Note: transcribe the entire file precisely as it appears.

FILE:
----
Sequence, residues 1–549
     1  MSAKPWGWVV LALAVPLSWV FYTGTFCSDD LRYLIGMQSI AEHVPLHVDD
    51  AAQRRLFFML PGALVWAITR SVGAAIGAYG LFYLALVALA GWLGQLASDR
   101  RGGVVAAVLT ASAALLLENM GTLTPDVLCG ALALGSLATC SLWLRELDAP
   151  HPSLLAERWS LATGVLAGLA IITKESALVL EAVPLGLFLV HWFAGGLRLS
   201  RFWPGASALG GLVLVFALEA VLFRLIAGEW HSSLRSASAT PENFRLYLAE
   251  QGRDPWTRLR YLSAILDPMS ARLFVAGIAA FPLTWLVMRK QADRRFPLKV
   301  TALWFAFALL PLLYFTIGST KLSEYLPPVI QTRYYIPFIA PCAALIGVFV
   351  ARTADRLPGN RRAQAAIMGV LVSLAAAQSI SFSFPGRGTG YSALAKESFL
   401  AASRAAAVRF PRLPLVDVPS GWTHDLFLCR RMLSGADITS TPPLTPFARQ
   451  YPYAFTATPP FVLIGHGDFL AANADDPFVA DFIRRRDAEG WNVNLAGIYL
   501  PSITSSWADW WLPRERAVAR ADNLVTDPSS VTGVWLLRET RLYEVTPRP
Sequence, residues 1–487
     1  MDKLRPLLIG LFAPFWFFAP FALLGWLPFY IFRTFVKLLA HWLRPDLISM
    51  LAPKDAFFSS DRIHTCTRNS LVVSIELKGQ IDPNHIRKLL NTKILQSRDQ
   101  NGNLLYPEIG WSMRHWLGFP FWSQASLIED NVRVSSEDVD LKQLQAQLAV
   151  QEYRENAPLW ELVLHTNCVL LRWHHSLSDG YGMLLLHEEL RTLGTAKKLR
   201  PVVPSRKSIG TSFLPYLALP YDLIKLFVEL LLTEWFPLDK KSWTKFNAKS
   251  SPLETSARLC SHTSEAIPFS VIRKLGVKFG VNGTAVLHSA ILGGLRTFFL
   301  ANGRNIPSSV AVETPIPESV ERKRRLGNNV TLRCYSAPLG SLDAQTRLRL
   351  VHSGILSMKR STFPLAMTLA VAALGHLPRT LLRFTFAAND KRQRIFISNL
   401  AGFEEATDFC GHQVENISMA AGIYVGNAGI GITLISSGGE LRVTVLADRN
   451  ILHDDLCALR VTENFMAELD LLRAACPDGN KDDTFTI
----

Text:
Sequence, residues 1–549
     1  MSAKPWGWVV LALAVPLSWV FYTGTFCSDD LRYLIGMQSI AEHVPLHVDD
    51  AAQRRLFFML PGALVWAITR SVGAAIGAYG LFYLALVALA GWLGQLASDR
   101  RGGVVAAVLT ASAALLLENM GTLTPDVLCG ALALGSLATC SLWLRELDAP
   151  HPSLLAERWS LATGVLAGLA IITKESALVL EAVPLGLFLV HWFAGGLRLS
   201  RFWPGASALG GLVLVFALEA VLFRLIAGEW HSSLRSASAT PENFRLYLAE
   251  QGRDPWTRLR YLSAILDPMS ARLFVAGIAA FPLTWLVMRK QADRRFPLKV
   301  TALWFAFALL PLLYFTIGST KLSEYLPPVI QTRYYIPFIA PCAALIGVFV
   351  ARTADRLPGN RRAQAAIMGV LVSLAAAQSI SFSFPGRGTG YSALAKESFL
   401  AASRAAAVRF PRLPLVDVPS GWTHDLFLCR RMLSGADITS TPPLTPFARQ
   451  YPYAFTATPP FVLIGHGDFL AANADDPFVA DFIRRRDAEG WNVNLAGIYL
   501  PSITSSWADW WLPRERAVAR ADNLVTDPSS VTGVWLLRET RLYEVTPRP
Sequence, residues 1–487
     1  MDKLRPLLIG LFAPFWFFAP FALLGWLPFY IFRTFVKLLA HWLRPDLISM
    51  LAPKDAFFSS DRIHTCTRNS LVVSIELKGQ IDPNHIRKLL NTKILQSRDQ
   101  NGNLLYPEIG WSMRHWLGFP FWSQASLIED NVRVSSEDVD LKQLQAQLAV
   151  QEYRENAPLW ELVLHTNCVL LRWHHSLSDG YGMLLLHEEL RTLGTAKKLR
   201  PVVPSRKSIG TSFLPYLALP YDLIKLFVEL LLTEWFPLDK KSWTKFNAKS
   251  SPLETSARLC SHTSEAIPFS VIRKLGVKFG VNGTAVLHSA ILGGLRTFFL
   301  ANGRNIPSSV AVETPIPESV ERKRRLGNNV TLRCYSAPLG SLDAQTRLRL
   351  VHSGILSMKR STFPLAMTLA VAALGHLPRT LLRFTFAAND KRQRIFISNL
   401  AGFEEATDFC GHQVENISMA AGIYVGNAGI GITLISSGGE LRVTVLADRN
   451  ILHDDLCALR VTENFMAELD LLRAACPDGN KDDTFTI